- To get promoted, you need to find a way to solve your manager’s problems, set goals and stay relevant.
- That’s the advice of Ann Hiatt, who worked for Jeff Bezos and former Google CEO Eric Schmidt.
- As a starting point, ask ‘what do I want to learn next in my career?'” Hiatt told Insider.
To be considered for a promotion, you need to “find a way to solve your manager’s problems,” Ann Hiatt, an executive coach and former assistant to Jeff Bezos told Insider — it’s part of her advice in three steps to climbing the career ladder.
Hiatt was hired in 2002 by Jeff Bezos’ executive assistant. She later spent 12 years at Google, first working with Marissa Mayer before being promoted to chief of staff under then-CEO Eric Schmidt. She has been an executive coach since 2018. In her memoir “Bet on Yourself,” she distills some of her lessons from working with billionaire CEOs.
Why do you want to do a PhD?
When asked for advice on getting a promotion, Hiatt says she refers to the “Win, Win, Win” method, something she picked up by working with other CEOs.
The first step is to look at your goals and what you want to achieve.
“Always start with ‘what do I want to learn next in my career?’,” Hiatt told Insider. “‘What expertise do I want to be known for?’ Which teams do I want to lead?’ ‘Which stages do I want to be on?’ — whatever that looks like,” she said.
Then look for opportunities to solve your manager’s problems in a way that helps you achieve some of your own goals, Hiatt said.
Maybe your manager has taken on too many appointments and needs to delegate, or he’s too busy to fill a talk he’s been invited to. Introduce yourself to help, Hiatt said.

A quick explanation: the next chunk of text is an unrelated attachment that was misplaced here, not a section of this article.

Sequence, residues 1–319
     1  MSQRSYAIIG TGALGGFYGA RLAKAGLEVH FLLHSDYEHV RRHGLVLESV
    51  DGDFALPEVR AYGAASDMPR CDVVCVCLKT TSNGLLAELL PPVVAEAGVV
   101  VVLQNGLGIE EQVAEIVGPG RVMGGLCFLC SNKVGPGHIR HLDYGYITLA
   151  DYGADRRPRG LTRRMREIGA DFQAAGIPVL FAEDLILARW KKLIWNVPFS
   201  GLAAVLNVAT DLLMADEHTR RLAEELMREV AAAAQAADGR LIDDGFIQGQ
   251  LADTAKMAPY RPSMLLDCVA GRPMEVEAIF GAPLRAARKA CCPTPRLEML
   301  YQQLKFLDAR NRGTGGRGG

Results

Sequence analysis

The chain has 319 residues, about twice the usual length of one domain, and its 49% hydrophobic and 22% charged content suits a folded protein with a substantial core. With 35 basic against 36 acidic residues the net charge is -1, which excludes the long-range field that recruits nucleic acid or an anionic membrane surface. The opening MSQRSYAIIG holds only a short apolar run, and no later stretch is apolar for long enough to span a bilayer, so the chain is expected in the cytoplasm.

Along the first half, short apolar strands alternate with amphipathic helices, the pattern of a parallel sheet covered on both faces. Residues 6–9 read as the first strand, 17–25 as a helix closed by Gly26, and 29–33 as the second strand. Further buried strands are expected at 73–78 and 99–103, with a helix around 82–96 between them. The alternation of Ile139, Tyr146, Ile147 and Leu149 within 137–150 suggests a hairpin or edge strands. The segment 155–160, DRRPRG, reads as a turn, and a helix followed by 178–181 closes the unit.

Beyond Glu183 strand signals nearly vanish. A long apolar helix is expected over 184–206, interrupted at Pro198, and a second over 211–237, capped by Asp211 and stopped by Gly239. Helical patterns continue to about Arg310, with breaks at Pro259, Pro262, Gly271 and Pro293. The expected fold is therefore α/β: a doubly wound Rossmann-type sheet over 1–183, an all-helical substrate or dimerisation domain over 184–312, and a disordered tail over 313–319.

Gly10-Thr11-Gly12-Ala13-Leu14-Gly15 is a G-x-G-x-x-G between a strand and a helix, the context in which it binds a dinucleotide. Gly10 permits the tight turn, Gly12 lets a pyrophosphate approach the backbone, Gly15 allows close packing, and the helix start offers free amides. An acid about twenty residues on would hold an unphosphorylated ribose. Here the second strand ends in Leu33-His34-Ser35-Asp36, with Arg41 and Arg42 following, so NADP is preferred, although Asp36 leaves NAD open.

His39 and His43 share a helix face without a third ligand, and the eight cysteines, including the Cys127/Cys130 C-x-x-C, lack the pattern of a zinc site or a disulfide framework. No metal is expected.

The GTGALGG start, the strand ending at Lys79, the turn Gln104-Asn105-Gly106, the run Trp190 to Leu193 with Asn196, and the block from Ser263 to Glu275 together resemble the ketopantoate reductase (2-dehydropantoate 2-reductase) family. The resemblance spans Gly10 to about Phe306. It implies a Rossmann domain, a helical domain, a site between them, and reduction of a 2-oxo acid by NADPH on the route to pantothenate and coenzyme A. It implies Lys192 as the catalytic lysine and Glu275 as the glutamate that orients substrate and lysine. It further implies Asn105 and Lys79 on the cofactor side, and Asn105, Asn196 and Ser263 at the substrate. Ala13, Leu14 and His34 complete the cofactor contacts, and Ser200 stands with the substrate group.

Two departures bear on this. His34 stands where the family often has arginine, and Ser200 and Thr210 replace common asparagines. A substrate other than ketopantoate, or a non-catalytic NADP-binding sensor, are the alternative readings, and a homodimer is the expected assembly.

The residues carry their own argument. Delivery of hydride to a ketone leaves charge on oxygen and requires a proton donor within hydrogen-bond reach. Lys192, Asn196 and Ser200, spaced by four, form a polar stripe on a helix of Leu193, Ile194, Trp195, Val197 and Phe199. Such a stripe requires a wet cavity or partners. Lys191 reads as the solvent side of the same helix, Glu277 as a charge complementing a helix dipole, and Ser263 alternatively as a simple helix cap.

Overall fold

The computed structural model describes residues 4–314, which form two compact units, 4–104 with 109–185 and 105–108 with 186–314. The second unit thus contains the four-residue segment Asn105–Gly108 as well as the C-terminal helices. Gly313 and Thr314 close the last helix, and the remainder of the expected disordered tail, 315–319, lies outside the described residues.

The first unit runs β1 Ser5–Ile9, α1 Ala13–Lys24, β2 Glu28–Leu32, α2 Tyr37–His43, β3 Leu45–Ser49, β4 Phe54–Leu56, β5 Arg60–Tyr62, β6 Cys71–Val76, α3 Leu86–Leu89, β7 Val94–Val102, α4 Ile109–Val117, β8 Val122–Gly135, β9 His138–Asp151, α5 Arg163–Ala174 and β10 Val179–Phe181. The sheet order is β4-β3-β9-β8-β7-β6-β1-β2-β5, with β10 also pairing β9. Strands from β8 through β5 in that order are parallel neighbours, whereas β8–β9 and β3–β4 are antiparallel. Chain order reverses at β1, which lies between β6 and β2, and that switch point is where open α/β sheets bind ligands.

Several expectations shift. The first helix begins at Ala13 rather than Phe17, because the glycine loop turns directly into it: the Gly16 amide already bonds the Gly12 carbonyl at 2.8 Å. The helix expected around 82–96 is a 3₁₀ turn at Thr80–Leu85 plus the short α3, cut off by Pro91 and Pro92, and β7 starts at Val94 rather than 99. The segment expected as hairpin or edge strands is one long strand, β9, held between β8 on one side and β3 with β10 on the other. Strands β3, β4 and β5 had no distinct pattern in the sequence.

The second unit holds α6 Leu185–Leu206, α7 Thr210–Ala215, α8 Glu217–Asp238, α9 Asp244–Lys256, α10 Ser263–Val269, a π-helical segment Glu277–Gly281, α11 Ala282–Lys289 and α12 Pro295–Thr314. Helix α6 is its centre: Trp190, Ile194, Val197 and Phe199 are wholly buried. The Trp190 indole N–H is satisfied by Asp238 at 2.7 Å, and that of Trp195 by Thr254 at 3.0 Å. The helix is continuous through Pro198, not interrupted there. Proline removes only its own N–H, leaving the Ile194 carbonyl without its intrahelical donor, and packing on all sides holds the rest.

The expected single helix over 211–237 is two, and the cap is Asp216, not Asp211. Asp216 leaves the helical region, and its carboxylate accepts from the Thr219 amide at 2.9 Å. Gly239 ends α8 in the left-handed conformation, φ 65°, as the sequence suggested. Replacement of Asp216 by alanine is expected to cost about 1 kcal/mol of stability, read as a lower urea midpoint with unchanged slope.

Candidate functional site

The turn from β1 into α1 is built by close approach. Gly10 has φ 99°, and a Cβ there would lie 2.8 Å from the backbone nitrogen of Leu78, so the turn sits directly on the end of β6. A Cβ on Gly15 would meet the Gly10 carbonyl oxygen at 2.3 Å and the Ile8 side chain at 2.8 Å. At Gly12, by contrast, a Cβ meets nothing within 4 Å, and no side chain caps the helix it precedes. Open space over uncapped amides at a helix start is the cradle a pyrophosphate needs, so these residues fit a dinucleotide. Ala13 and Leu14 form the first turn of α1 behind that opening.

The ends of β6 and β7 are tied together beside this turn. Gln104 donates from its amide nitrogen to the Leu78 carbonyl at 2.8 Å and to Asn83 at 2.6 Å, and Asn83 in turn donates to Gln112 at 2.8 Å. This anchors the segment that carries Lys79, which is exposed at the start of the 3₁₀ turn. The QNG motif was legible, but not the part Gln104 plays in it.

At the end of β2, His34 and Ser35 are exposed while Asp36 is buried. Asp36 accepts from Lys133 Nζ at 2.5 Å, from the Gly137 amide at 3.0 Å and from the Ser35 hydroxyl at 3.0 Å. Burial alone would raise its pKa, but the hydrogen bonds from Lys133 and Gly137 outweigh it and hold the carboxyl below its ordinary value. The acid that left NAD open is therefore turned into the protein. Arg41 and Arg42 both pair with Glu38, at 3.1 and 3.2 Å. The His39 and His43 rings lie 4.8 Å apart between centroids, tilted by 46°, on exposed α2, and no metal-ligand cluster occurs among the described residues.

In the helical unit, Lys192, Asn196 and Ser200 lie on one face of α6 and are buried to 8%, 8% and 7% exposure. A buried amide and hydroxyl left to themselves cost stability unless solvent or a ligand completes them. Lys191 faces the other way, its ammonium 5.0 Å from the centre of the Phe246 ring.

“That often involves volunteering for things that are outside of your traditional job description and/or team,” she added.
Another important consideration at this point, Hiatt says, is to ask yourself what kind of leader do you want to be? Not every manager is worth imitating, she said.
How do you stay relevant?
The final stage of the process is about “future-proofing” your career, Hiatt said.
Be sure to help your manager solve a core business need. Otherwise, you may accidentally end up in a skill or area that is at risk of being cut.
“If you’re not consistently pushing the boundaries of your expertise, you’re set for disruption — you’re the one who will be fired or fired in the next crisis,” Hiatt said.
The best way to do this is by constantly learning new and relevant skills, Hiatt said. If you work for a small business or live in a small town where opportunities are limited, participating in community projects, for example, can be a great way to learn new skills.
Promotion is never guaranteed
Designing a promotion is not an easy process. It’s also not always fair.
Women and people from ethnic minorities have historically experienced – and still face – a “glass ceiling” due to unconscious biases, social factors and sometimes downright stigmatism, which held them back compared to their whites. , male peers.
In the past, some companies have also focused on the wrong skills in promoting people, such as how much a salesperson has sold, rather than their people skills.
Gallup, the leadership consultancy, estimates that in 82% of appointments, organizations promote a candidate without adequate management skills.
However, career experts say it’s important to be intentional and plan to give yourself the best chance of getting one. Part of that is knowing what not to do.
Behaving like a know-it-all, staying quiet or getting too defensive are among the habits to avoid, experts say.